There is a danger in series that the whole thing can get a little tired. The characters all get a little too comfortable, and pages can go by with nothing really happening. Fortunately, none of that applies to this, the sixth in the Temeraire series. Naomi Novik delivers another cracking read, continuing the story along. This time, the emphasis is on the consequences of actions taken (or not taken) over the course of the previous five books. Even in their supposed exile in the new colony of Australia, Temeraire and William must deal with global events, and consider their own part in those events.
The sixth books makes for a great story in itself, while also setting things up nicely for the next few books.
I had no idea this one was coming, and it was a very pleasant surprise to see it in the bookshop the other week. I love the Genghis trilogy, and this one continues the story by focusing on Subedei, Genghis’ general who is responsible for what is known to Europe as the Mongol Invasion in one of the most remarkable sustained campaigns of history.
All told in Iggulden’s blistering style, this was yet another great read.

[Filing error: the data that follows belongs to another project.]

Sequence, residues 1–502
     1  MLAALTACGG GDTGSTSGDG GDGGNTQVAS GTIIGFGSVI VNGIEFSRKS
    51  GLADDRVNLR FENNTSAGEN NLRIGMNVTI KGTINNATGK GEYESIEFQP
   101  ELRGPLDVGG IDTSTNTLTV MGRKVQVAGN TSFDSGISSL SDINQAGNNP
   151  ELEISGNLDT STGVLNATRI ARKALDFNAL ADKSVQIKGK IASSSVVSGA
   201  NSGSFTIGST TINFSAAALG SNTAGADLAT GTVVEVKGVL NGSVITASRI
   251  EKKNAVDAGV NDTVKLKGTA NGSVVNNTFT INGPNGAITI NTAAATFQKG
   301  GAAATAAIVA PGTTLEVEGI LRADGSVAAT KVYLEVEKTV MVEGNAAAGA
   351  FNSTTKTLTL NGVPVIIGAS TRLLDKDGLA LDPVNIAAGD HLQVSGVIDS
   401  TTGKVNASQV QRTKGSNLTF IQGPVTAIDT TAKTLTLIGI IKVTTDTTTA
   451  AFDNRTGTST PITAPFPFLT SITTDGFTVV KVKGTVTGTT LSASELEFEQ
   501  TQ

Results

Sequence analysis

This book could be considered the fourth book in the Baroque Cycle, although it was actually written first. One character features across all four books, but telling you who would count as a spoiler, so I won’t.
Cryptonomicon takes place partly in World War Two, partly in the 1990s. Two stories, each gripping in their own way, gradually connect on the Philippines in a search for Japanese war gold, looted from Asia and hidden away for decades.
As you might expect from the title, a lot of the World War Two action focuses on the codebreaking efforts of the allies, as they race to decode German and Japanese transmissions while also hiding from the enemy their successes.
As with Neal’s other books in this cycle the research has been meticulous and every location is describes briefly, but with incredible authenticity. From the Philippines of the 1990s to Sweden in World War Two, each location becomes almost a character in its own right. I love Neal’s writing so this book was a real treat for me. Highly recommended, along with the three Baroque Cycle books.
The Genghis Khan trilogy wraps up with this book. That was a shame from my perspective as I was hoping for more books. Personal bias there, as I find the Mongols of the thirteenth and fourteenth centuries quite fascinating.
The saga of the Mongols in their conflict with one of the pre-eminent military powers of the day, the arrogant Khwarizm takes centre stage in this book. All is not well at home for Genghis and his close family members are either under threat, or a threat to Genghis. Conn Iggulden ends a great series with a neat twist.
I am a sometime participant into the practice of having my childhood repackaged and sold back to me at today’s prices. Charley’s War is one such. Originally published between 1978 and 1986, this comic series really blew me away, and I only originally read the last 3 years’ worth.